(Recasts, adds from bank statement, economist comment)
By Andrea Hopkins and Leah Schnurr
OTTAWA, Sept 7 The Bank of Canada warned on
Wednesday that the economy could be weaker than it anticipated
just two months ago as exports disappointed, but the central
bank held rates steady as it stuck to a forecast that growth
will bounce back in the second half.
In a statement that was bleaker than the market had
expected, the bank also said the U.S. outlook for business
investment has become less certain, despite a healthy labor
market and solid consumption.
"Exports disappointed even after accounting for weaker
business and residential investment in the United States,
adjustments in the resource sector, and cutbacks in auto
production," the bank said in the statement.
Canada is counting on U.S. demand to boost exports and lift
Canada's economy out of the malaise as slumping commodity prices
hurt the key resource sector. The Canadian economy shrank at an
annual rate of 1.6 percent in the second quarter.
"The overall interpretation is maybe a little bit more
dovish than what we had thought going in," said David Tulk,
chief Canada macro strategist at TD Securities, adding the
bank's next move might be a rate cut, rather than the rate hike
many have forecast.
As expected, the bank held its overnight rate at 0.5
percent, where it has been since July 2015.
The Canadian dollar weakened against the greenback after the
"While the strength in exports during July was encouraging,
the ground lost over previous months raises the possibility that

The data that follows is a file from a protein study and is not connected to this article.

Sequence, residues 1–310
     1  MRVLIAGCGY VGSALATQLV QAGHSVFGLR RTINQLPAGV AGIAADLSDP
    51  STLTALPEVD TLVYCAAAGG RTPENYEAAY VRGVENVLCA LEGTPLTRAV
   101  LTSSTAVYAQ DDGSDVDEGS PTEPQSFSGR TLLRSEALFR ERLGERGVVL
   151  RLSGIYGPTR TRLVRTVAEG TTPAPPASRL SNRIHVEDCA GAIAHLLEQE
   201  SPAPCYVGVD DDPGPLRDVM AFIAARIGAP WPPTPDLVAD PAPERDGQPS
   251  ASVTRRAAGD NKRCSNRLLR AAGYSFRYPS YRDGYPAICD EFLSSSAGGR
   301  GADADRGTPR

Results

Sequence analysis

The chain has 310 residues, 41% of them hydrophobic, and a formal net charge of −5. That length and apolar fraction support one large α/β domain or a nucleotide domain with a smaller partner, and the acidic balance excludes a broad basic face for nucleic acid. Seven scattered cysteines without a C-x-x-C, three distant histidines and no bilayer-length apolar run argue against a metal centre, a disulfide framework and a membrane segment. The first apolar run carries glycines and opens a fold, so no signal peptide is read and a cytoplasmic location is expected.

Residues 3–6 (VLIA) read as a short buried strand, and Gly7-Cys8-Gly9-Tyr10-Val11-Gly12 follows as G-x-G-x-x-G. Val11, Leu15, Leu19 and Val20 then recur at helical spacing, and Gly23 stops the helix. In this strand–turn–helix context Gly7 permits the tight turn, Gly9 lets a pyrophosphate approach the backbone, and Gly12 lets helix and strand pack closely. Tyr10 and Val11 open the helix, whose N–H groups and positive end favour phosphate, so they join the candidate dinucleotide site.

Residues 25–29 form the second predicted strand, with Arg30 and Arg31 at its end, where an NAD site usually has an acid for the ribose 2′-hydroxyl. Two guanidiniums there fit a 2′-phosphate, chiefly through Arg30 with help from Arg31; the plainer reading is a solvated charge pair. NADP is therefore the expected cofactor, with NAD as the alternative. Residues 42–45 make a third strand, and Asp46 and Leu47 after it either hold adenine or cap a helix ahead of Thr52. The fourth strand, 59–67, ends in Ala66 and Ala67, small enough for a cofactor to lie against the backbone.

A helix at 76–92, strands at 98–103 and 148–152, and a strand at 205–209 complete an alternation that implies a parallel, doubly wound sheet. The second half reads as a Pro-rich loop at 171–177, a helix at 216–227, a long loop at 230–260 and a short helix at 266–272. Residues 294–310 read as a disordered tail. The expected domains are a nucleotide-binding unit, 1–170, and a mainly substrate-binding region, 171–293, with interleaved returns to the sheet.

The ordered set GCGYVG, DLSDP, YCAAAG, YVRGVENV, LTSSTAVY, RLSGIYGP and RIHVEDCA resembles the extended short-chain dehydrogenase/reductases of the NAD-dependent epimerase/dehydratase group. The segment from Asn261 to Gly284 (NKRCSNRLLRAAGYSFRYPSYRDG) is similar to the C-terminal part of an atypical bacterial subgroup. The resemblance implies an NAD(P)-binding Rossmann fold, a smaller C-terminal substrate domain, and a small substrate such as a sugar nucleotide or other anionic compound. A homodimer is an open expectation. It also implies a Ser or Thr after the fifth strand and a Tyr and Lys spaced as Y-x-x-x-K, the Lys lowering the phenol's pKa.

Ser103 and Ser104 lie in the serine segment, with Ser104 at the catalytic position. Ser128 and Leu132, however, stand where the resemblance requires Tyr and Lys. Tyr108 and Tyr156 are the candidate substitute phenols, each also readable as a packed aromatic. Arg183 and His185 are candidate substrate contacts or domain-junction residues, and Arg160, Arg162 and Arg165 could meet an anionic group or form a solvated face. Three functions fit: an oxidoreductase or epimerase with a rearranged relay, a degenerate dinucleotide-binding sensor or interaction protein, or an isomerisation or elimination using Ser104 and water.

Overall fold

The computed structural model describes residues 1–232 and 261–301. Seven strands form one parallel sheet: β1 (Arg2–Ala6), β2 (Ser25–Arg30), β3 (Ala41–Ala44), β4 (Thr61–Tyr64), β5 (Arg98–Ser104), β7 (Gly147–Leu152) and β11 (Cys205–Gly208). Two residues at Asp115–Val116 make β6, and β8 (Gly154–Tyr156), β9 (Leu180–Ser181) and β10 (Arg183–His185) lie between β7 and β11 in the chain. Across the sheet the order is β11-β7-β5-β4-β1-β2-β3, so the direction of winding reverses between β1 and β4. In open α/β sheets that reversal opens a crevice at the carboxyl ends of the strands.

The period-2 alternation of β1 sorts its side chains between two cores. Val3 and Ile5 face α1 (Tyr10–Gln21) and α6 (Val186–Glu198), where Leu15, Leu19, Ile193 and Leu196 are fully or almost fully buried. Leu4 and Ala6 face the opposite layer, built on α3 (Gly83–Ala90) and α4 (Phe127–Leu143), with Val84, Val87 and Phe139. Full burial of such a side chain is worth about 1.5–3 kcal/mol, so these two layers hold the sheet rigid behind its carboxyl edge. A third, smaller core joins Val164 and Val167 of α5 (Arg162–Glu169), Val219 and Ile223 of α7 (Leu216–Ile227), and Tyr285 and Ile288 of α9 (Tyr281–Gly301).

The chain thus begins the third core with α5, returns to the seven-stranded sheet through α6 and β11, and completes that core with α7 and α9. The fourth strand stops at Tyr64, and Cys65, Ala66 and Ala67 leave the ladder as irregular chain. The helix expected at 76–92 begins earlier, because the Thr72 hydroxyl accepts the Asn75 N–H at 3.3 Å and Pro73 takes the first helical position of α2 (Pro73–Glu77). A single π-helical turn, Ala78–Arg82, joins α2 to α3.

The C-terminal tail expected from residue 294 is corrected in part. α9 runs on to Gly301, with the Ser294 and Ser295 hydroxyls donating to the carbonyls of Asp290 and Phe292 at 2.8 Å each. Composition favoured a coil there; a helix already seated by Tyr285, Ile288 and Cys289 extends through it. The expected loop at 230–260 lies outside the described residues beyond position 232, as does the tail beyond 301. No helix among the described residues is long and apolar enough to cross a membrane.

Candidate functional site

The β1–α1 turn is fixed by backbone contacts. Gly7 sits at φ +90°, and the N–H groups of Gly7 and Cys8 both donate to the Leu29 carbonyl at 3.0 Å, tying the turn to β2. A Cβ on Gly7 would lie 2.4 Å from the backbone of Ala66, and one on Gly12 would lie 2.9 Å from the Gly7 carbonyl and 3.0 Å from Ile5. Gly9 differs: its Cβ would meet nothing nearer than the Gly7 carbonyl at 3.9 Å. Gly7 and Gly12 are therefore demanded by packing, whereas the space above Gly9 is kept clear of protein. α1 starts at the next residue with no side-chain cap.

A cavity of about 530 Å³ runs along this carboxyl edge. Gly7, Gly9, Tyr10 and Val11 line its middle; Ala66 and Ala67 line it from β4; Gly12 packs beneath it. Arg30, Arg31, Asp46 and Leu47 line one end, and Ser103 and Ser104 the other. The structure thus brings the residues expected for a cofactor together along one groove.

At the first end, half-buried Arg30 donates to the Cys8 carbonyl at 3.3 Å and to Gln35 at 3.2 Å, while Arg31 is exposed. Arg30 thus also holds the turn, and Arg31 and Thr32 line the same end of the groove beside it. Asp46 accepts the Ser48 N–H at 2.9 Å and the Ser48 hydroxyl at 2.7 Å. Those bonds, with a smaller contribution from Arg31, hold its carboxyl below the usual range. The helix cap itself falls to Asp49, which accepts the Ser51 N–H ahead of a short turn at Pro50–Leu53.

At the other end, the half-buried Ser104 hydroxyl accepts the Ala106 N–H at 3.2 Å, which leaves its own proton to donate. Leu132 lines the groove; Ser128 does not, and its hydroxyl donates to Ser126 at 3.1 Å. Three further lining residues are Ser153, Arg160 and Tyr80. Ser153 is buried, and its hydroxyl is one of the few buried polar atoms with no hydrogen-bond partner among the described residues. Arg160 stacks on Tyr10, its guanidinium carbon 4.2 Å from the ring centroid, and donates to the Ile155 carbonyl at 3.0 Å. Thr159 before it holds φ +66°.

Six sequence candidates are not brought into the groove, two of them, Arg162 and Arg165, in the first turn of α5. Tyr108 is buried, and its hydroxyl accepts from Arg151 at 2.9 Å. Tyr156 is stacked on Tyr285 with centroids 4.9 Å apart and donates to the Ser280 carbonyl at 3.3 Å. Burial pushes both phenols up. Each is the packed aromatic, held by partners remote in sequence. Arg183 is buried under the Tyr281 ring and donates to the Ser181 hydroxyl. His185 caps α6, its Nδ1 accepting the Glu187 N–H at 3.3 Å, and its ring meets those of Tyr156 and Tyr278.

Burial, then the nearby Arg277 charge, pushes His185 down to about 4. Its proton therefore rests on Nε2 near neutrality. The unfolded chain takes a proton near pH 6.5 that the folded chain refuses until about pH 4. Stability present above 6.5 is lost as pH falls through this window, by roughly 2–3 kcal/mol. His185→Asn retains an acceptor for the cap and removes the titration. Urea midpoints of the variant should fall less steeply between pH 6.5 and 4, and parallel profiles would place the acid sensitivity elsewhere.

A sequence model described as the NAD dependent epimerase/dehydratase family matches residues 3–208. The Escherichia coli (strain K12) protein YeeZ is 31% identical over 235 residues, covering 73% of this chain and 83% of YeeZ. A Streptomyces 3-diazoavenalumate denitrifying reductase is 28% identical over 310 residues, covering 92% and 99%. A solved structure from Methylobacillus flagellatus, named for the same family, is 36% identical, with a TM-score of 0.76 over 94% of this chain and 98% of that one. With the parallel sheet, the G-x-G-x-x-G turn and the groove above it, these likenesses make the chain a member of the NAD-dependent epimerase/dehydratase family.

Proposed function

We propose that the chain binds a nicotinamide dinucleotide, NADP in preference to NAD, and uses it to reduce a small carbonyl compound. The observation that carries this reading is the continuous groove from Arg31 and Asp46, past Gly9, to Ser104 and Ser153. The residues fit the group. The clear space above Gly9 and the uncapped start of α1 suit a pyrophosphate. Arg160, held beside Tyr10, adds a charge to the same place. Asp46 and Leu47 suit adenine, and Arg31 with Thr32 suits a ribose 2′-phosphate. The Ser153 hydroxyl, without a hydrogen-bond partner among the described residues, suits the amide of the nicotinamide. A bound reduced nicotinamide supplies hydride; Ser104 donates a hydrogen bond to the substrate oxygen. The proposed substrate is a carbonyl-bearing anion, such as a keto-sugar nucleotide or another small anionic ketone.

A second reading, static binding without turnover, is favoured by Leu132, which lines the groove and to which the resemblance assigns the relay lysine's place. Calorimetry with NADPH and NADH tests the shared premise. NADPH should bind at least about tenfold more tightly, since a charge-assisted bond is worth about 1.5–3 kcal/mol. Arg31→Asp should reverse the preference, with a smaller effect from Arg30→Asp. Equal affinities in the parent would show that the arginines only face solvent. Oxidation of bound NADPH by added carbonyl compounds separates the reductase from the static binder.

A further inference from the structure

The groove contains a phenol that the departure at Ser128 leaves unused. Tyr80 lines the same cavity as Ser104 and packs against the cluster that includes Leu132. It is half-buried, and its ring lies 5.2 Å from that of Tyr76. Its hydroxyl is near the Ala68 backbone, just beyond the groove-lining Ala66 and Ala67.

the profile for economic activity will be somewhat lower than
anticipated in July," the bank said in a statement.
Still, the bank projected a "substantial rebound" in
economic growth in the second half of the year, boosted by the
recovery from a major wildfire that hit Alberta in May and
federal stimulus spending.
The bank said risks to the profile for inflation have tilted
"somewhat to the downside" since its last statement in July.
The bank again looked to Prime Minister Justin Trudeau's
Liberal government to help boost the economy, saying that growth
in the fourth quarter is projected to remain above potential as
federal infrastructure spending starts to have more impact.
The bank also said while there are preliminary signs of a
possible moderation in Vancouver's housing market, Canada's most
expensive, financial vulnerabilities linked to household debt
remained elevated and continued to rise.
Sales have cooled in Vancouver since a tax on foreign buyers
was introduced earlier this year.
(Editing by W Simon and JS Benkoe)